Because accredited programs give students that knowledge base, their graduates are usually well-prepared for licensure, says Packard, a former chair of the American Board of Professional Psychology.

"In general, accredited programs are more comprehensive and more uniform in terms of what they cover—and they're tied into the general requirements of most of the licensing boards," he explains.

In fact, many states require licensure candidates to either have a degree from an APA-accredited doctoral program or prove that their program is equivalent—a growing trend among state licensing laws, says Packard. Some state laws also require an APA-accredited internship or the equivalent.

Many states also accept licensure candidates who attended doctoral programs on the list of designated doctoral programs published jointly by the Association of State and Provincial Psychology Boards (ASPPB) and National Register of Health Service Providers in Psychology, a credentialing bank. This year's list includes 410 designated programs, which the National Register requires to be APA-accredited or to meet specific criteria.

However, a handful of states have more stringent, APA-specific requirements, according to ASPPB's Handbook of Licensing and Certification Requirements, a state-by-state listing of licensing requirements available at Specifically:

  • Florida accepts only APA-accredited doctoral programs for those who graduated after 1999 and requires internships to meet APA standards.

  • Mississippi requires internships to be accredited by APA or the Canadian Psychological Association (CPA).

  • Oklahoma accepts only APA-accredited doctoral programs for those who graduated after 1997.

  • Utah accepts only doctoral programs and internships that are APA- or CPA-accredited.

That said, students must carefully examine the licensure laws of the state they want to practice in, says Zlotlow. Every state is different, and some states, such as New York, require specific coursework regardless of whether candidates have attended an APA-accredited or National Register-designated program. Since state boards evaluate each candidate as an individual, an accredited program and internship doesn't necessarily guarantee licensure, she notes.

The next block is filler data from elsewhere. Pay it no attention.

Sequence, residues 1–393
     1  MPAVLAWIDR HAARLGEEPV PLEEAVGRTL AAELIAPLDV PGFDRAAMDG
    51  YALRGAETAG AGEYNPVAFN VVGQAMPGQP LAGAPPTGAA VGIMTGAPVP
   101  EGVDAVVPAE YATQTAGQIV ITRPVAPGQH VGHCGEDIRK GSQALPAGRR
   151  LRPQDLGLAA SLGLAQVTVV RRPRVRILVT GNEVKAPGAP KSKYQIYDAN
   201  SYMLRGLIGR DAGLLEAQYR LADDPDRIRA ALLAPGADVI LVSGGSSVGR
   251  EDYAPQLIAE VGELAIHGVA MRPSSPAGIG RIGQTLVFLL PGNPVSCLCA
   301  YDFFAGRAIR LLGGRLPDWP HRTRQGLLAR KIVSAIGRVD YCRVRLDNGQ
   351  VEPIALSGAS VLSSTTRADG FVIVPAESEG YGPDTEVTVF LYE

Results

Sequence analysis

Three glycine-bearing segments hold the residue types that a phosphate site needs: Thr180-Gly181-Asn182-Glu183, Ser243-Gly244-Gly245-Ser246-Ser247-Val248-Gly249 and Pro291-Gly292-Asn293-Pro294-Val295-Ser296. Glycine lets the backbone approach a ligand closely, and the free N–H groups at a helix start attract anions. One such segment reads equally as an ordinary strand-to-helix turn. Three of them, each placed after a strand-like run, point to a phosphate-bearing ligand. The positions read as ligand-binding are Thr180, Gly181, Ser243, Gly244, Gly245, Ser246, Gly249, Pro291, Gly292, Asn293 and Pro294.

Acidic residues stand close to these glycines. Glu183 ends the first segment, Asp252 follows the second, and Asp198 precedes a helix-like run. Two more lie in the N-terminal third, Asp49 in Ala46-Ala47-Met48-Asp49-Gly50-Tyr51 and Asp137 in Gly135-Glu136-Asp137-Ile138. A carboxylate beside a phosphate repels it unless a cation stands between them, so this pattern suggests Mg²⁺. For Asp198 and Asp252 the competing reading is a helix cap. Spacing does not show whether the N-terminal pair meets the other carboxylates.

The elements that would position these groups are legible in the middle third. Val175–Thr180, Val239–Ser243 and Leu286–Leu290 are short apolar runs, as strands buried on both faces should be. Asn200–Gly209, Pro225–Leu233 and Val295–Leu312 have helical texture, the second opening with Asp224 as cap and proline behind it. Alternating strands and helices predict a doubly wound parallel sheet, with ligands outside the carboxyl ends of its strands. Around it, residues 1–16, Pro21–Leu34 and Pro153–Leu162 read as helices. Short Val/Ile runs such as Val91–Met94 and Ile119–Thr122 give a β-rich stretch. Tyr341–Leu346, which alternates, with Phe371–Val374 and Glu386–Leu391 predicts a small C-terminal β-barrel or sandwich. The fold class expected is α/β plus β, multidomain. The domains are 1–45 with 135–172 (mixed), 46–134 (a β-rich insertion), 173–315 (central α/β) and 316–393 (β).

Accreditation comes into play more, she adds, when students begin their internships and post-graduation job hunts. Many internships prefer students from accredited doctoral programs, she says, and employers frequently prefer psychologists who interned at an accredited site and graduated from an accredited program. Such positions include academic jobs at professional psychology programs or positions on competitive managed-care panels. And some employers, such as the Department of Veterans Affairs, require an accredited education, Packard says.

"In general, there's a reasonable expectation that you're going to have a better level of developed skills having gone through an accredited program," he says of employers' accreditation preferences. "It's a very big advantage on the job market."


APA's Committee on Accreditation (CoA) reviews doctoral psychology programs, internships and postdocs that voluntarily apply for accreditation. Here's the path programs take to gain and keep their accreditation.

  1. Self-study. A program submits a self-study report that addresses the requirements for APA accreditation.

  2. Study review. Based on its assessment of the report, CoA recommends or declines a site visit. All programs up for review are listed in the American Psychologist for public comment.

  3. Site visit. The program selects the site visitors from lists of psychologists provided by CoA. A typical site visit lasts two days and includes meetings with the administration, faculty and students. Site visitors write a report for CoA that they also give to the program.

  4. Committee review. CoA reviews all relevant records, including third-party comments, the site-visit report and program outcomes. The committee accredits the program if it is consistent with the CoA guidelines. If it's inconsistent, previously accredited programs are placed on probation; programs already on probation may have their accreditation revoked; and new but inconsistent applicants are denied accreditation.

  5. Periodic review. Accredited programs submit yearly reports and have a formal review every three to seven years, depending on the type of program. Probationary programs are reviewed more often.